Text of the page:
The European Green Deal requires an acceleration of the rate of expansion of onshore and offshore wind. A 25-fold increase in offshore wind capacity and an even bigger increase in GW in onshore wind capacity. Member States have now agreed to ratchet up the EU 2030 greenhouse gas emission target from 40% to at least 55% to deliver the Green Deal. This will trigger an upward revision of the EU’s 2030 renewable energy target from 32% today to 38%-40% according to the European Commission’s Impact Assessment.
This means the EU wind energy capacity would need to be 433-452 GW by 2030 (361-374 GW onshore and 73-79 GW offshore) for 38% and 40% targets respectively. This is almost a threefold increase on the 179 GW installed today. And 90 GW more than what EU-27 pledged in their 2030 National Energy & Climate Plans.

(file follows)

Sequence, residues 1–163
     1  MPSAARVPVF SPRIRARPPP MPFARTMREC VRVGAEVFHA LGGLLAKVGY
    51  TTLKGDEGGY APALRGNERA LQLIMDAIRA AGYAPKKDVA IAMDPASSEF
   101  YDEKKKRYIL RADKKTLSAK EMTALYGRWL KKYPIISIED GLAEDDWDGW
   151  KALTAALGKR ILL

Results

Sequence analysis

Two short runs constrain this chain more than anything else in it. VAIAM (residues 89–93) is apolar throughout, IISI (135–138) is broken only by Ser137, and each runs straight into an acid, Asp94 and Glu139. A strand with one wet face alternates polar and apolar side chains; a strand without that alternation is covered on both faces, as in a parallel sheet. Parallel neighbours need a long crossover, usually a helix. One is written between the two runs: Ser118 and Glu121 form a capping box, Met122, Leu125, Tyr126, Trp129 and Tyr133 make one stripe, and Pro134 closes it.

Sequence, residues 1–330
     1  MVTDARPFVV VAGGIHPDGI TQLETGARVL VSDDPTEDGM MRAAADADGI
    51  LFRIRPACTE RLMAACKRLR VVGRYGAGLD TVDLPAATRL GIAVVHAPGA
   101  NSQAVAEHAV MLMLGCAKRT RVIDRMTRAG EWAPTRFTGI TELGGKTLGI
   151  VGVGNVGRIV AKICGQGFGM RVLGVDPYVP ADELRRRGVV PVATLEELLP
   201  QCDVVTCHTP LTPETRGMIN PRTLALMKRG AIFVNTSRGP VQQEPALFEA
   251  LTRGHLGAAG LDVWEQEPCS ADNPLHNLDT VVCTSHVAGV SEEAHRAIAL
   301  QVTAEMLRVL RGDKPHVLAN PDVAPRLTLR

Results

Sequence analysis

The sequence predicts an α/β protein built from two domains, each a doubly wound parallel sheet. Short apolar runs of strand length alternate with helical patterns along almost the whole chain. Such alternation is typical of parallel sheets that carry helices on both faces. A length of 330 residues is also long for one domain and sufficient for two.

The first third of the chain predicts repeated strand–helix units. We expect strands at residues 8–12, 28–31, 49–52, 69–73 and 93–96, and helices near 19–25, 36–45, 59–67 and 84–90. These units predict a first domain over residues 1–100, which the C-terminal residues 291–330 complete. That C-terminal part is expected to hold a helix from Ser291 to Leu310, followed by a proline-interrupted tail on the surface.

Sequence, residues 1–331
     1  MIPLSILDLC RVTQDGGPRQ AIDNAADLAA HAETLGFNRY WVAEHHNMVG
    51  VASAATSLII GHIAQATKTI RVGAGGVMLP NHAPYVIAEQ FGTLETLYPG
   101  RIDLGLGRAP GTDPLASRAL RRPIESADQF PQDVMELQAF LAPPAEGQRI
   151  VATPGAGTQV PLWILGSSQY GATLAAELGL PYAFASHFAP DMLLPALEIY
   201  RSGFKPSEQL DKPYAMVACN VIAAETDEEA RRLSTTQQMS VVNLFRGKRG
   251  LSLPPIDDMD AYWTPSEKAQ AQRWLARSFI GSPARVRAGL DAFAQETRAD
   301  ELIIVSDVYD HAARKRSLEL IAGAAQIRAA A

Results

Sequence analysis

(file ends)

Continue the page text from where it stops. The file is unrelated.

The EU built 10.5 GW of new wind energy capacity in 2020 and is expected to install 15 GW per year in the period 2021-2025. The EU needs to build 18 GW per year over 2021-30 to deliver the existing 2030 EU renewable energy target and 27 GW per year to deliver the higher target foreseen by a 55% greenhouse gas emission reduction by 2030.
The benefits of an accelerated buildout will be significant. The EU wind energy sector supports 300,000 jobs, generates €37bn to EU GDP and €5bn in local taxes pa. It operates 248 factories across the EU. Each new wind turbine installed in Europe contributes €10m of economic activity. Onshore and offshore wind are the most cost-competitive sources of new power generation in most of Europe.
But current policies will not deliver these numbers – neither on volumes, nor on economic benefits. Higher targets are necessary but not sufficient. Europe needs stronger delivery, monitoring, and enforcement measures to ensure 2030 is a steppingstone towards a climate neutral energy system.
This paper sets out WindEurope’s priorities for the EU’s ‘Fit for 55’ legislative package.
Read the position paper